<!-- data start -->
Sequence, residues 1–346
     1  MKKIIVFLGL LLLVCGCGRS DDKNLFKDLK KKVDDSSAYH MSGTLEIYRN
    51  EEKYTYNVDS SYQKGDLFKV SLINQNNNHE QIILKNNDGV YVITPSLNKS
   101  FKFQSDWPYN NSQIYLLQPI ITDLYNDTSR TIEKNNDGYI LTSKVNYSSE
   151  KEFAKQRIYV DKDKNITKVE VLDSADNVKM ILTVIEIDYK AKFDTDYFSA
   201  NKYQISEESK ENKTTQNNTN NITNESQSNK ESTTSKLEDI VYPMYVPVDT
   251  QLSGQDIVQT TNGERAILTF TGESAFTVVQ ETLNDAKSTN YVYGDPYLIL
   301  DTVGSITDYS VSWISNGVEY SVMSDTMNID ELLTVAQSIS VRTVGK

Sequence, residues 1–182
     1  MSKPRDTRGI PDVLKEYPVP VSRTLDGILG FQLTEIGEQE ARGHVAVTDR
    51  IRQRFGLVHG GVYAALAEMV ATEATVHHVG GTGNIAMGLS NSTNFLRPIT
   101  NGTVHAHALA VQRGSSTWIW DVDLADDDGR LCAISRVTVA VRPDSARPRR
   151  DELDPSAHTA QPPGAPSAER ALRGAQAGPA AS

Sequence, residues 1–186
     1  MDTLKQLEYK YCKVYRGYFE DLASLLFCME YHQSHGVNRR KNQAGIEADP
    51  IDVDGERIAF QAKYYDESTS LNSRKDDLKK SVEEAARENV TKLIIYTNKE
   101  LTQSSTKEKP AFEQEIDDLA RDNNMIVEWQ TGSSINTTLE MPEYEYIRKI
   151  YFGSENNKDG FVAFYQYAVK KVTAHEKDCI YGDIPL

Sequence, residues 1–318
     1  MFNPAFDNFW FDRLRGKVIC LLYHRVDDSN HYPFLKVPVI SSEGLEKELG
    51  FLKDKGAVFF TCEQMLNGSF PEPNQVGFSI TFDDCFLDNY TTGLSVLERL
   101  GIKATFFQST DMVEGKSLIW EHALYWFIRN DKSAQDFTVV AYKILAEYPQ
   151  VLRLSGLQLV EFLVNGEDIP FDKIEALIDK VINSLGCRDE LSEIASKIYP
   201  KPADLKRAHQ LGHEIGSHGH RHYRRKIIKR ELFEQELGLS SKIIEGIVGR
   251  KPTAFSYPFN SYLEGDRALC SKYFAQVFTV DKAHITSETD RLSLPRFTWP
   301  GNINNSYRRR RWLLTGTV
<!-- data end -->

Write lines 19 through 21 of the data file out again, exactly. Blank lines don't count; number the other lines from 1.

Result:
Sequence, residues 1–318
     1  MFNPAFDNFW FDRLRGKVIC LLYHRVDDSN HYPFLKVPVI SSEGLEKELG
    51  FLKDKGAVFF TCEQMLNGSF PEPNQVGFSI TFDDCFLDNY TTGLSVLERL